Braun takes responsibility for Brewers' tough start
MILWAUKEE -- Ryan Braun minced no words and dodged no responsibility in assessing the Brewers' tough start to the season, which persisted Saturday in a 5-3 loss to the Cardinals.
It made the Brewers the 11th team in the divisional era (since 1969) to lose at least 15 times in the first 18 games of a season, and the first since the 2010 Orioles started 2-16. There are only four National League teams on the list: The 1973 Cardinals, 1988 Braves, this edition of the Brewers (each of whom started 3-15) and the 1997 Cubs (2-16).
"We've just been pretty terrible in all facets of the game," said Braun, who acknowledged his own role by saying he is "swinging the bat terribly," after going 0-for-3 with two strikeouts.
The Brewers are 10 games behind the first-place Cardinals in the National League Central before the season is three weeks old. They entered Saturday last in the Majors with a .578 OPS and tied for 28th with a 4.77 ERA.
They have lost 10 of their last 11 games, and have played six series this season without winning any of them. Braun, who is batting .230 and slugging .279, offered a simple solution.
"Show up positive, optimistic. Continue to believe," he said. "Continue to show up every day in a good place, hoping that that's the day we turn it around. That's all we can do."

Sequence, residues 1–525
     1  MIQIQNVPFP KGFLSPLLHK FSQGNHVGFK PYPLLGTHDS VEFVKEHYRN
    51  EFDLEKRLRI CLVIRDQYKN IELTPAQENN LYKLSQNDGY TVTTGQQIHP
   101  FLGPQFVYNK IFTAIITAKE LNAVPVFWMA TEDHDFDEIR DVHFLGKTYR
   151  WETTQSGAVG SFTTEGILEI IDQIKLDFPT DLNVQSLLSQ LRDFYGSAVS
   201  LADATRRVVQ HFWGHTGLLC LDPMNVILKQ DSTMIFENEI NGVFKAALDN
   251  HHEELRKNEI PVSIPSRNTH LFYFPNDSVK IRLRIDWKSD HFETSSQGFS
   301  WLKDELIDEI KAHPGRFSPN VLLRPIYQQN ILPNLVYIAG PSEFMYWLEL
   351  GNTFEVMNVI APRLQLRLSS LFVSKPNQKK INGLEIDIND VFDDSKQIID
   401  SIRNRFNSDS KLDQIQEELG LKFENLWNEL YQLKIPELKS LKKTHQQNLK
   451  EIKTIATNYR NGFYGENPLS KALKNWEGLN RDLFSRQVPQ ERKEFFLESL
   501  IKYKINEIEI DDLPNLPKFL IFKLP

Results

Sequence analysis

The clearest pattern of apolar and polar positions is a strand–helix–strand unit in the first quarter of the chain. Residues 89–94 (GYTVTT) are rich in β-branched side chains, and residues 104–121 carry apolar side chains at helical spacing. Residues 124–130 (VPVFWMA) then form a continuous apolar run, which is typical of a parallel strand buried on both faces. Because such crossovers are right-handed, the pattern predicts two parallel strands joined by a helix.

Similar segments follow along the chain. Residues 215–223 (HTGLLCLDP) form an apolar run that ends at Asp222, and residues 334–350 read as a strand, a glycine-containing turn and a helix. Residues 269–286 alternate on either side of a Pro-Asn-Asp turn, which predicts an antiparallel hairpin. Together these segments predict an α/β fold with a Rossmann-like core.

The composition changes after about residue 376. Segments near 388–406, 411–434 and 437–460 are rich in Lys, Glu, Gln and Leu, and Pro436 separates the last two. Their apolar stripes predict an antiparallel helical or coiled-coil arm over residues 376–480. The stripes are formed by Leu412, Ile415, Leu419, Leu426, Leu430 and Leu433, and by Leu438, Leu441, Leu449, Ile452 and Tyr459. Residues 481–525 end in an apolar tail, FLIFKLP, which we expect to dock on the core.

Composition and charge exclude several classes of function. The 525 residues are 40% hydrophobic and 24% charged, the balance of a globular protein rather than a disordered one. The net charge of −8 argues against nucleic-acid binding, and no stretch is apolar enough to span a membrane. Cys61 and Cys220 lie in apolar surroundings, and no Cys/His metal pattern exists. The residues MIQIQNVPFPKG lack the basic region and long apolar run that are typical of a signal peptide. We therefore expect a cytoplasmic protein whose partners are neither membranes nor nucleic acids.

Braun, who says he is healthy but fighting bad habits formed over two seasons fighting a thumb injury, had his best chance to change the team's fortunes in the sixth inning, when he batted with two runners aboard, one out and the Brewers training by two runs. He struck out looking against St. Louis reliever Matt Belisle on a pitch many in Milwaukee's dugout was below the strike zone.
Braun said he had not viewed a replay.
"I'm disappointed that I continue to swing the bat so terribly, and in that situation take a pitch that was obviously a borderline pitch," he said.
He added "I think every day that we lose, we're surprised. We show up every day optimistic and hope that's the day we turn it around, and we just haven't found a way to do it yet. I think it's important that we try to separate our offense from our defense from our baserunning."
That has proven a challenge during the current homestand. In the second inning Saturday, Brewers shortstop Jean Segura spotted the Cardinals a run when he tried to prevent Kolten Wong from getting to third base on an RBI triple and threw past Aramis Ramirez for a run-scoring error. It was one of two errors for the Brewers, who have committed 17 errors in 18 games.
Two innings later, Segura made the Brewers' latest baserunning mistake. He was at first base when Gerardo Parra popped a bunt to Cardinals second baseman Wong, and Segura made no attempt to get back to the bag. It baffled manager Ron Roenicke, who directed questions to Segura.
"I thought [Wong] was further back," Segura said later.
Brewers principal owner Mark Attanasio earlier in the week said he was not imminently considering a change of manager or general manager. The fifth-year manager, Roenicke, has expressed displeasure with the Brewers' sloppy play.
"That can happen at any time; it doesn't matter what the record is," Roenicke said. "But certainly you don't want to see that when we're trying to create things, trying to get something going. Then we do those things."